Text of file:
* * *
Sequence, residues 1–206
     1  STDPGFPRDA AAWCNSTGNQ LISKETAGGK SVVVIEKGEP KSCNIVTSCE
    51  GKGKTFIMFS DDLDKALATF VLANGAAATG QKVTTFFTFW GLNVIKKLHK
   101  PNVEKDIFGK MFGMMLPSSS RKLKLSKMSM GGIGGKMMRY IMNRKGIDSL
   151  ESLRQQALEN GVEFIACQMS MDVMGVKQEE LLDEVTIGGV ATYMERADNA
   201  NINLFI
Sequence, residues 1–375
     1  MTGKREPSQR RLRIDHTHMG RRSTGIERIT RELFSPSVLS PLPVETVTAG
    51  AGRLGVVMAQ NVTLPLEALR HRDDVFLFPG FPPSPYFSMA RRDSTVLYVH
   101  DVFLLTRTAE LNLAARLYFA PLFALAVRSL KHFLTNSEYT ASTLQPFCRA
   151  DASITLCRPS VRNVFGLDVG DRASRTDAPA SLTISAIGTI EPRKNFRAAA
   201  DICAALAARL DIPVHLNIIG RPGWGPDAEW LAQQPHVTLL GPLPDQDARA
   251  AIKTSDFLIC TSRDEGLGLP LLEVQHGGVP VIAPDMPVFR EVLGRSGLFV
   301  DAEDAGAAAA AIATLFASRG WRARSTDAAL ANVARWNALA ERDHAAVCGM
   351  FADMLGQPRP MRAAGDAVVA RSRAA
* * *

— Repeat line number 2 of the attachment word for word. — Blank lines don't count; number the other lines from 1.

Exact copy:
     1  STDPGFPRDA AAWCNSTGNQ LISKETAGGK SVVVIEKGEP KSCNIVTSCE